Under the forward sale agreements, a total of 1,212,120 common shares were borrowed from third parties and sold to the underwriters. Each forward sale agreement allows us, at our election and prior to September 30, 2020, to physically settle the forward sale agreements by issuing common shares in exchange for net proceeds at the then-applicable forward sale price specified by the agreement, which was initially $40.0125 per share, or, alternatively, to settle the forward sale agreements in whole or in part through the delivery or receipt of shares or cash. The forward sale price is subject to adjustment daily based on a floating interest rate factor and will decrease with respect to certain fixed amounts specified in the agreements, such as dividends.

On September 18, 2020, the Company amended our forward sale agreements to extend the maturity date of such forward sales agreements from September 30, 2020 to September 10, 2021. As of September 30, 2020, if we had elected to net settle the forward sale agreements, we would have received $14 million under a cash settlement or 543,150 common shares under a net share settlement.

In 1996, the Board of Directors authorized us to implement a share repurchase program, which has been expanded seven times since the inception of the program, authorizing a total of 19.5 million shares of common stock for repurchase. As of September 30, 2020, we have repurchased a total of approximately 17.1 million shares and may repurchase an additional 2.4 million shares under the approved program. There were no shares of common stock shares repurchased during fiscal 2020 and 2019.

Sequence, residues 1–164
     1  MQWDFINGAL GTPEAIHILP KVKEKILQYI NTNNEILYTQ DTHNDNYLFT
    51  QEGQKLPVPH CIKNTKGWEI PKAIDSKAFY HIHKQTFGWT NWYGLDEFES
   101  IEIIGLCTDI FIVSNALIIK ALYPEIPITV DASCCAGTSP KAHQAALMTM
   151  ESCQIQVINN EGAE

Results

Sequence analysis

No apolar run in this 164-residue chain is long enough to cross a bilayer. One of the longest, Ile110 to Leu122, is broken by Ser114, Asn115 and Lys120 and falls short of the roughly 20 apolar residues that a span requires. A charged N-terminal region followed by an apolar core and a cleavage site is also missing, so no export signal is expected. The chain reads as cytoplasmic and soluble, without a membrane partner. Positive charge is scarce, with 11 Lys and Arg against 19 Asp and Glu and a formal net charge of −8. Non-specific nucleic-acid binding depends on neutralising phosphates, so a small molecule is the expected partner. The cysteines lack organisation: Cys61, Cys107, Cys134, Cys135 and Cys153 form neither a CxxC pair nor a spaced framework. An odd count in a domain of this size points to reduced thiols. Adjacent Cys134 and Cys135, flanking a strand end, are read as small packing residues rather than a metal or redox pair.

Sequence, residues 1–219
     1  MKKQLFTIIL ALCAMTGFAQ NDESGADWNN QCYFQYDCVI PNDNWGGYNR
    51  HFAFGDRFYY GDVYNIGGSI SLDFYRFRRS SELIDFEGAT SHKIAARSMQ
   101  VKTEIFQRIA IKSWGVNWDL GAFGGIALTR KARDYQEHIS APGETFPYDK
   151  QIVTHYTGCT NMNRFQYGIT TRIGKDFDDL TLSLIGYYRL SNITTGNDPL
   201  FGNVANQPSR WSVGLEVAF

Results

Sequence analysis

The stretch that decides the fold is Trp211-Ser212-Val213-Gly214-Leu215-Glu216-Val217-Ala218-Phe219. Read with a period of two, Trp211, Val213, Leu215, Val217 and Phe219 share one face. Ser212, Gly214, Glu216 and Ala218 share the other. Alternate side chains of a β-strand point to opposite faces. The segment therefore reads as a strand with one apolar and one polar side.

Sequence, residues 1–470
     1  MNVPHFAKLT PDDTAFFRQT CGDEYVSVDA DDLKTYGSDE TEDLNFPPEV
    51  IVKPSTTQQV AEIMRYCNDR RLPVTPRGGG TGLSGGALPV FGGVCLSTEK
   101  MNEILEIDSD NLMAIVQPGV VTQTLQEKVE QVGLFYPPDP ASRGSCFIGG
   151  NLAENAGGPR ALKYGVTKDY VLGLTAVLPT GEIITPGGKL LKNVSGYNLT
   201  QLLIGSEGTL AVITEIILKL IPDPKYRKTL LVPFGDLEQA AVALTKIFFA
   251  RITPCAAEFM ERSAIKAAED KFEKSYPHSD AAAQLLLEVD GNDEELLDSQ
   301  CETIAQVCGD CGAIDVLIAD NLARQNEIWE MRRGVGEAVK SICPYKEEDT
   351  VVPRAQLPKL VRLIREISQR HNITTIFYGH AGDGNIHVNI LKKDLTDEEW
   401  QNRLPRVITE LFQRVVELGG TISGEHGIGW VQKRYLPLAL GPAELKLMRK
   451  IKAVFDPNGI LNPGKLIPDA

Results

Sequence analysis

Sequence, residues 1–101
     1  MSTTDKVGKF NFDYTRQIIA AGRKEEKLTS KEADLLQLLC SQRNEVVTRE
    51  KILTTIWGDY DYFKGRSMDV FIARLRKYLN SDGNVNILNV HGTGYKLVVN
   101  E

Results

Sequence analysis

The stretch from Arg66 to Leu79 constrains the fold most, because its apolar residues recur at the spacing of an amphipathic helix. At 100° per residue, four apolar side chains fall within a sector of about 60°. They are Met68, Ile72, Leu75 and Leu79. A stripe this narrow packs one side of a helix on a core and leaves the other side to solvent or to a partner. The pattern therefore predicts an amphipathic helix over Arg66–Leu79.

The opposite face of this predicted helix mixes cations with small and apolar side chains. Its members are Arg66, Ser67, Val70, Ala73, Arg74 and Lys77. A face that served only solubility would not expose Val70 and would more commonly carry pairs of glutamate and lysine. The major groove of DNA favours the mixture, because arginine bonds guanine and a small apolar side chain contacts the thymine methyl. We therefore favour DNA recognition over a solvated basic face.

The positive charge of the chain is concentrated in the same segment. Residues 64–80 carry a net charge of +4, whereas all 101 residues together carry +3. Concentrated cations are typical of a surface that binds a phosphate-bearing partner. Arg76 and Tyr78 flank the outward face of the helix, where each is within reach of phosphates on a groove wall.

Debt

NJR and its unregulated subsidiaries generally rely on cash flows generated from operating activities and the utilization of committed credit facilities to provide liquidity to meet working capital and short-term debt financing requirements. NJNG also relies on the issuance of commercial paper for short-term funding. NJR and NJNG periodically access the capital markets to fund long-lived assets through the issuance of long-term debt securities.

We believe that our existing borrowing availability, equity proceeds and cash flows from operations will be sufficient to satisfy our working capital, capital expenditures and dividend requirements for the next 12 months. NJR, NJNG, Clean Energy Ventures, Transportation and Storage and Energy Services currently anticipate that each of their financing requirements for the next 12 months will be met primarily through the issuance of short and long-term debt, meter and solar sale leasebacks.

We believe that as of September 30, 2020, NJR and NJNG were, and currently are, in compliance with all existing debt covenants, both financial and non-financial.

As a result of the COVID-19 pandemic there have been disruptions, uncertainty and volatility in the credit and capital markets. The Company has been able to obtain sufficient financing to meet its funding requirements for operations and capital expenditures.

Short-Term Debt

We use our short-term borrowings primarily to finance Energy Services' short-term liquidity needs, transportation and storage investments and PennEast contributions, share repurchases and, on an initial basis, Clean Energy Ventures' investments. Energy Services' use of high volume storage facilities and anticipated pipeline park-and-loan arrangements, combined with related economic hedging activities in the volatile wholesale natural gas market, create significant short-term cash requirements.